It's no secret that the internet is strongly opinionated, but every product review on Amazon or casual comment on Reddit is a small piece of unstructured data. When aggregated and organized, that data can reveal surprising insights about human behavior. The founders of Yogi saw huge potential in better understanding the millions and billions of publicly shared opinions on the internet.
Yogi helps brands track and quantify customer feedback on public review platforms. Co-founders Gautam Kanumuru and Chad Becker developed an AI-powered analytics service to help their clients organize, understand, and interpret how public reviews and comments could affect their business at scale. Chad and Gautam first met while at the University of Virginia, and after successful early careers in big tech they teamed up to pursue their idea for Yogi. Backed by an initial $100k investment from New York’s prestigious ERA program, they went on to secure another $2.3 million in seed funding from powerhouse investors.
With strong backgrounds in natural language processing, they’re developing a system that collects and organizes millions of unstructured consumer opinions from across the web in just minutes, like how both Alex C. in Texas and Eliza T. in Utah mentioned protein content when they reviewed their almond milk purchases. Beyond processing huge amounts of data, an early challenge for Yogi was deciding how brands should see and interact with their data all at once.
“We try to include the client’s voice in every decision we make,” shared Gautam. With early clients already onboarded and ready to help test the app, Gautam and Chad created rapid feature testing cycles to get the front-end data visualization right. They created a few wireframes, then realized they needed to bring in additional front-end expertise. It was important to the team to be able to slow down or fully pause development work while waiting for client feedback, which made traditional full-time hiring a challenge.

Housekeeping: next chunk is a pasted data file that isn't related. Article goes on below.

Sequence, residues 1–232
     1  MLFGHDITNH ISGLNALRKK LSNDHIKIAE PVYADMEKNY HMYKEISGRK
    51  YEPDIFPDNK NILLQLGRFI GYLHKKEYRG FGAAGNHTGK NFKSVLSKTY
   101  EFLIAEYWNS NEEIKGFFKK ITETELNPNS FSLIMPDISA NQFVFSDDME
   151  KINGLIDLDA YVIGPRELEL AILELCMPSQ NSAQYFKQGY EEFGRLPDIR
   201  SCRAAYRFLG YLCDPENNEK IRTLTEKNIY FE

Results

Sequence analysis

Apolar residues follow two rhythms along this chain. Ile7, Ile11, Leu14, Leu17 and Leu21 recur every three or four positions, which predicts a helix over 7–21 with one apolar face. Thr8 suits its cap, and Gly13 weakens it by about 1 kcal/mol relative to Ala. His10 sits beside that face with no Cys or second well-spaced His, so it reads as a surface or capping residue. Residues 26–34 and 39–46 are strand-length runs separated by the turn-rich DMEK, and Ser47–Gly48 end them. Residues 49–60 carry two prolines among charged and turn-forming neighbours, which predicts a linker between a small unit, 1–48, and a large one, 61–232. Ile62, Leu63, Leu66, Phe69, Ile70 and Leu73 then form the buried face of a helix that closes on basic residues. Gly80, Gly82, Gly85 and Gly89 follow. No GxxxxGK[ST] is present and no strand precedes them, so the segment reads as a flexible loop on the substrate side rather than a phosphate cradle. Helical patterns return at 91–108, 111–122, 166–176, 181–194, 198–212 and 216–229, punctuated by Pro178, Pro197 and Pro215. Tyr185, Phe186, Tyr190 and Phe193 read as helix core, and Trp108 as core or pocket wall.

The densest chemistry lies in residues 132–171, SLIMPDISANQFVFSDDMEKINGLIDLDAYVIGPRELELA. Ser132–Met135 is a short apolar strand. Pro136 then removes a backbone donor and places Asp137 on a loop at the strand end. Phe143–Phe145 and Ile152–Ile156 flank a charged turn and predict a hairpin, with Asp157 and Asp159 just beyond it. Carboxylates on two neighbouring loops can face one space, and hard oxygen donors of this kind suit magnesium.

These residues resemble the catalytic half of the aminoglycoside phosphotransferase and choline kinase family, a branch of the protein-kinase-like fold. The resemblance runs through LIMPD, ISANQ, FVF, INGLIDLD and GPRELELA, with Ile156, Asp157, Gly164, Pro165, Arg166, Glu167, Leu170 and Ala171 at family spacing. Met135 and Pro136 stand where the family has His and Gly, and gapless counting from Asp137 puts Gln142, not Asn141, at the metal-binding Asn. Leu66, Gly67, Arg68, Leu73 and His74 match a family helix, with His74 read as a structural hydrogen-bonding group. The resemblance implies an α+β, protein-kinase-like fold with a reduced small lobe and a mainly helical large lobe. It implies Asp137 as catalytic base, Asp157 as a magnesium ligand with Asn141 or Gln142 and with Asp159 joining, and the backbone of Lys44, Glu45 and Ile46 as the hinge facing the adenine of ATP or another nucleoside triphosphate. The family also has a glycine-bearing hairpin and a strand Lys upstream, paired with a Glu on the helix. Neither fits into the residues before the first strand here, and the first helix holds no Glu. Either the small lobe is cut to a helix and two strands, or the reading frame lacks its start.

When the Yogi team approached Turtle with their wireframes and front-end specs, they were quickly matched to work with Roman, a freelance front-end developer based in Rostov-on-Don, Russia who keeps a flexible schedule and was interested in the idea of a rapid testing cycle. After an initial onboarding with the team, he now seamlessly joins whenever they spin up engineering work and helps distill feedback and prioritize feature ideas.
“We needed someone who was able to work with a level of abstraction. Who could pivot on a moment’s notice. Who pushes back when we come up with ideas. Roman fits right in. He’s an integrator. He’s a personality we really enjoy working with.”
Once Yogi hands off the latest release to their clients for testing, they’re able to slow down their pace and budget on Turtle. This both saves their resources and gives Roman the time to freelance with additional startups through Turtle.
Gautam explained, “As a startup, priorities are always shifting, capabilities are always changing. Our engineering pipeline is more like a bar graph. We’re constantly revving up and down and pushing things out.” Roman agreed, “The balance is great. Different projects always keep things interesting.”
In a springtime sprint to get new feature requests into their client's hands, Roman and the Yogi team worked together to set key deadlines and create clear time estimates with Turtle’s tools. With each new feature and task prioritized within Turtle’s app, they were able to quickly communicate and meet their goals on time and on budget. Together, they created an organized dashboard to visualize the newly structured data for their clients.
The latest release from Yogi shipped on time to clients in May, and the team is looking forward to ramping up their engineering efforts this summer to hit their next set of milestones.
“With Turtle, we can operate at the speed we need to.”